Greatland Gold edges closer to a decision to mine, as the high grade drill results continue to flow

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As if we hadn’t had enough of it already, the positive newsflow from Greatland Gold PLC (LON:GGP) just keeps on coming.

Just over a week ago the company’s joint venture partner at the Havieron discovery in Western Australia, Newcrest Mining Ltd (ASX:NCM) commenced construction of a decline that’s designed to go down all the way to the top of the mineralization.

Lest there be any doubt, this is not just a mere exploration decline.

Rather, with dimensions of six metres by five point seven meters, this is a decline that’s designed ultimately to facilitate mining.

No decision to mine’s yet been made, but the pieces of the jigsaw are falling into place such that it’s pretty clear now what kind of picture Newcrest thinks it’s putting together.

Newcrest, after all, has been pushing ahead at breakneck speed ever since it bought into the Havieron project, and the latest set of drill results, published on 10 June give a pretty clear indication as to why.

Among the highlights from this latest batch of assays was 85 metres at 11 grams per tonne gold and 0.29% copper – an exceptional result that would be the standout intercept at any other project. But Havieron has been yielding up results of that ilk or better almost since day one, when Greatland first punched its maiden hole down through the overburden all those years ago.

Now, with the decline moving ahead and down, mining’s effectively underway, and it’s no wonder that Greatland chief Shaun Day is in upbeat mood.

“The opportunity here at Greatland is tremendous,” he says.

“The decline’s going down to the orebody, and with those dimensions it’s cavernous.”

It’s expected to take around 24 months before the decline reaches the top of the orebody, but when it does, you would typically expect to move quickly to developing access so that the mining of ore can commence.

After all, Greatland is getting to the point where it’s comfortable that the size and scope of Havieron is sufficient to merit a green light – there’s been a total of 164,420m of drilling from 190 holes to date, and a pretty steady hit rate of mineralisation.

“Every hole we drill into this is hitting mineralisation,” says Day.

“This potential of the orebody continues to grow.”

How big it will ultimately turn out to be remains an open question, but Cannacord speculates that production could run at the order of between 400,000 ounces and 700,000 ounces per year, and the talk is that Havieron could end up being another Telfer in terms of its size and longevity. Telfer is the nearby Newcrest mine, which is only now beginning to come to the end of a prolific 45-year life. The Telfer infrastructure is one reason why Havieron makes such good economic sense, since processing facilities and plant are all already in place.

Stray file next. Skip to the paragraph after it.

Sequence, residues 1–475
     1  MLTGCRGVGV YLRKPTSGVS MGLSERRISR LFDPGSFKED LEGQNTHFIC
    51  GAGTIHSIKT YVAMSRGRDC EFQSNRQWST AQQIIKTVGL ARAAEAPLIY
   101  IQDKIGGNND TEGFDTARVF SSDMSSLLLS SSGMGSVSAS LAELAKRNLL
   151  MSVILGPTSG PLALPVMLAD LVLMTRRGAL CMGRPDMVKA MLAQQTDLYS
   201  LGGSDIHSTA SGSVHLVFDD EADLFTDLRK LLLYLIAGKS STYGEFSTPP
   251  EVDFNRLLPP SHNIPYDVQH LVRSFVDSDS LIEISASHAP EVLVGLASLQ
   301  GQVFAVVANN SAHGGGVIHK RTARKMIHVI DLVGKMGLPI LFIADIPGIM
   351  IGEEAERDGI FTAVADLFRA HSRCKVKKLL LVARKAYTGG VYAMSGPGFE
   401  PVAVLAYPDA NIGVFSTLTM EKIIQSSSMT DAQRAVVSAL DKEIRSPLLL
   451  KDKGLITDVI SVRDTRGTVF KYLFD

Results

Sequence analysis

“It’s unique in the world that I’m aware of to have an asset of this quality next to existing infrastructure,” says Day.

Given the emergent size of Havieron, which is already pushing past 4.2mln ounces of gold, it would probably have got built anyway, but the existing plant means that the internal rate of return is going to be several orders of magnitude better than it otherwise would have been.

“The expectation,” says Day, “is that a final investment decision would follow relatively closely on the completion of a definitive feasibility study that’s due in calendar 2022.”

This uncommon run of successful exploration, skilful deal-making and continuing and ongoing upside in spite of the immense value that’s already been delivered is what lies behind Greatland’s punchy £850mln-plus market capitalisation.

Newcrest is proving to be a great partner for the company, and has provided loan finance to allow it to keep up its end of the development costs. But once the decline reaches its objective and the time comes to start mining into ore, what will the future hold for Greatland.

Some analysts think that at that point, or possibly even before, Newcrest will make a generous bid for the company, and pull the whole show 100% in-house. But the offer would have to be pretty good, because Greatland has reached a size and scale now that it could quite easily participate in any development, especially given how low the costs are going to be as a result of the proximity of infrastructure. This is not a company that is going to be scrabbling around for funds any more.

So there’s a lot still to play for. What we can be fairly sure of at this stage is that the resource is likely to grow even larger, and that Newcrest is unlikely to slacken the pace of its work.

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